Chipping away at the wall

I wanted to start this with some clever parallel between the storm raging outside and my want to really dive into a new project, but nope. Not happening.

I’ve officially, with a necessary nudge from my wife’s wisdom, put Joshua Harkin’s Return to Nightmares on the backburner. I’m at this point where the lack of progress has become an overall headache with regards to getting *any* writing done at all. Not helpful.

So I thought it would be neat to maybe revisit a project from before, starting it fresh. I dug up the file, transferred from a previous laptop, only to discover two curious things.

Curious thing one – the last time I had worked on it was exactly two years ago to the day. Curious thing two – I actually really like how the draft started off, so I can’t bring myself to just scrap it and start fresh. However! I now feel less interested in working on it because there is so much groundwork in place.

Damn.

That all constitutes more progress than I’ve made in the past three months combined (because I’m still getting the hang of being a father to two wee beasties).

I’ll chalk that up as an overall win and try to use it to propel me forward.

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The idea that got away

I recently did something I have, on a fairly regular basis, told myself not to do. No, I’m not talking about eating spicy food and then rubbing my eyes (because I still do that more often than I care to admit).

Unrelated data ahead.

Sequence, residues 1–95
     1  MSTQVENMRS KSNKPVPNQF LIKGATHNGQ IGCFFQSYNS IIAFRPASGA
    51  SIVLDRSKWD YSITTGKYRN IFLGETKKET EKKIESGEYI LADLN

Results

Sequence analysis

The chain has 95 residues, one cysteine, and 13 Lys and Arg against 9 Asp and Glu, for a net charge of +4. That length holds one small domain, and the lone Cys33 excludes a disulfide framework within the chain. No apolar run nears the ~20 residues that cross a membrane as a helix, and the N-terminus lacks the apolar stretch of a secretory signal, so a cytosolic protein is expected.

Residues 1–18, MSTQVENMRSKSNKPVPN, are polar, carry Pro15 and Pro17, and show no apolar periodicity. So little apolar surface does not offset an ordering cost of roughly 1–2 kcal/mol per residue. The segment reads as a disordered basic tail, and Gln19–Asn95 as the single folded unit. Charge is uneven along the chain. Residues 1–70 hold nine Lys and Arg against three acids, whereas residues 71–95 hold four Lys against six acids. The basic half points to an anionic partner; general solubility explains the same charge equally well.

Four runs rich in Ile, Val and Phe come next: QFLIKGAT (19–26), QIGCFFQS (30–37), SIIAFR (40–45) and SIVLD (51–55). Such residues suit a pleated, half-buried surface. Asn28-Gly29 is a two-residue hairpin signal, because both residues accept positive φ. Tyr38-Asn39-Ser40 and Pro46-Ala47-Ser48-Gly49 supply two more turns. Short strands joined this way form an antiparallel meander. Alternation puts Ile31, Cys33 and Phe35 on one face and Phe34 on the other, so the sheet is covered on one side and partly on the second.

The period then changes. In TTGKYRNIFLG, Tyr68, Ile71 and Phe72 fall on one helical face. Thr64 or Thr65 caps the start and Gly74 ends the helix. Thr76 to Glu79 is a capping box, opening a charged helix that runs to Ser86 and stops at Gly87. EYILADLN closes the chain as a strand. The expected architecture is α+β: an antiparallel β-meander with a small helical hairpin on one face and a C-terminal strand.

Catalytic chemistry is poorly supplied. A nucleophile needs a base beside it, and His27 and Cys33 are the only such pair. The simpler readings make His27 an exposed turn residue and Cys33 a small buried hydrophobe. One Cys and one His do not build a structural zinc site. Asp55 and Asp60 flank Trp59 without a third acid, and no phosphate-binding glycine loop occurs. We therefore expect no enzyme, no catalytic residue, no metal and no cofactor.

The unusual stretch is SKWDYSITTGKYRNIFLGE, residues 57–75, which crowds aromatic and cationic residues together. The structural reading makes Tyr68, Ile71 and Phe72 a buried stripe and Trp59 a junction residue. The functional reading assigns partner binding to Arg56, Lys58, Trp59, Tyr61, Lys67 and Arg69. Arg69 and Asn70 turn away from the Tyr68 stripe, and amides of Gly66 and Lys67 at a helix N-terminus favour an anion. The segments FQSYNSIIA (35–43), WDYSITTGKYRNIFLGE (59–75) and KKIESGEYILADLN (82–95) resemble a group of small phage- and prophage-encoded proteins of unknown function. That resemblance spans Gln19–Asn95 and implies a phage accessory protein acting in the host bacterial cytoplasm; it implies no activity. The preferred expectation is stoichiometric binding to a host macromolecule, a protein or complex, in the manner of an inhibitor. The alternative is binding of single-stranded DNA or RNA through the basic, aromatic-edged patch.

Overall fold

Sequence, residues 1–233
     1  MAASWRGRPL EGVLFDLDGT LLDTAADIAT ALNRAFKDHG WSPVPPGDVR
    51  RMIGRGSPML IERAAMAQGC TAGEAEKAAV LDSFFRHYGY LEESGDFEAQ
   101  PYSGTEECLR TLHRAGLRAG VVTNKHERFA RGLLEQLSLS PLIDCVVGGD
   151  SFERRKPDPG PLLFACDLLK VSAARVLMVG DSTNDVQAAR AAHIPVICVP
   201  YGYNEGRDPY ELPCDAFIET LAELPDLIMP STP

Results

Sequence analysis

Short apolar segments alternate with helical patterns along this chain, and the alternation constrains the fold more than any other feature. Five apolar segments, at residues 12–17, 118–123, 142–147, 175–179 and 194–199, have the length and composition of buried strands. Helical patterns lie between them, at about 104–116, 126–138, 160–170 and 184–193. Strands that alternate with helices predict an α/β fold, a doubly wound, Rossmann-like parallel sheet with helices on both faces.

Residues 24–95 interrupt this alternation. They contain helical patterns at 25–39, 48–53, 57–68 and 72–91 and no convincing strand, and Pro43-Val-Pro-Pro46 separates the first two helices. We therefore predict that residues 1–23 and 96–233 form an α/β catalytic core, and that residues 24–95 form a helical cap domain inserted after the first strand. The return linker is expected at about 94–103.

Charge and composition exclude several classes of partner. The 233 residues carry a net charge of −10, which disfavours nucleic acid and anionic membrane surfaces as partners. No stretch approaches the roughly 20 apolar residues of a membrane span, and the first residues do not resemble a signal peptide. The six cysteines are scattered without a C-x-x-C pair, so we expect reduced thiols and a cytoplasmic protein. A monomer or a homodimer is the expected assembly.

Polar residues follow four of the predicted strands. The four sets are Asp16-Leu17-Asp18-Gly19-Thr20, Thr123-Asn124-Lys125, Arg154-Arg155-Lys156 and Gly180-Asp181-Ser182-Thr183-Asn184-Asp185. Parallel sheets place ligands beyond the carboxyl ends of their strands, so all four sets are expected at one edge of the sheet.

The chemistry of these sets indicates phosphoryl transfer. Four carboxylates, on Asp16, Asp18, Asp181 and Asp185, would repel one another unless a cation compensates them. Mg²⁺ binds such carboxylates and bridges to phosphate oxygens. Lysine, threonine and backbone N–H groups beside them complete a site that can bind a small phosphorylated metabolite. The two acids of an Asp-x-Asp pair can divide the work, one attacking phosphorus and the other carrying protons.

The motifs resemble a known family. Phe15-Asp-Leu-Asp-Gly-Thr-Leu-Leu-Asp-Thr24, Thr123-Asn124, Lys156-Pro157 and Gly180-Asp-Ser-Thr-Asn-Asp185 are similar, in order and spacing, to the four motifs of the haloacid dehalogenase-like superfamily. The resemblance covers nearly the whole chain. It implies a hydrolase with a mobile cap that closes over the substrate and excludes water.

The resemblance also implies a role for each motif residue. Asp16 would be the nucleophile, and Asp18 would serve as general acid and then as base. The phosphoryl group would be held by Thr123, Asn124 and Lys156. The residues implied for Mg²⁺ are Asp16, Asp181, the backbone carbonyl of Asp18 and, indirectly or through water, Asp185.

So there was this story idea, right? A basic framework of an idea, with tangible if not fully-realized characters, right there in front of me. It could have had big, neon signs saying “Write me, Philip, you lazy, well-intentioned bastard.” It practically did.

Tonight has been spent being cranky because that idea has gone, having very fragmented thoughts that I’m fairly sure are just the flotsam and jetsam of me rereading Dreams and Shadows trying to manifest as something more, and eating ice cream. Halo Top is really hit or miss, I’ve decided, but there are a few flavors I’ll need to stock up on.

My question is this: what next? Should I revisit a novel project I already started on but abandoned? Should I really put my nose to the proverbial grindstone and get to the serious proofreading and editing for Dissonance in Harmony? Should I force myself to stop being so damn serious and just try writing stuff? Thoughts?

Eating Halo Top Vanilla Bean feels like the adult equivalent of eating paste

Sure, that’s a long-ass title, but it’s catchier than my usual go-to of indicating I’m not dead, that I’ve not forgotten I have a WordPress, or some pop culture reference. Related: how the Hell do I have 18 drafts? I need to do some belated spring cleaning.

The Halo Top, for the record, isn’t half bad, but it has a weird consistency – just to set the record straight.

“What’s new in the land of Phil’s Misadventures in Fiction (and life)?” asks no one in particular.  Continue reading

Challenging myself

Or, really, admitting that I’m a bit challenged. I haven’t decided yet.

I have a headache. It has been a trying, busy sort of day. I’m drinking a glass of scotch that was aged in bourbon barrels because I wanted scotch, I wanted bourbon, but I also couldn’t justify that kind of drinking on a Tuesday. Did I mention I have a headache?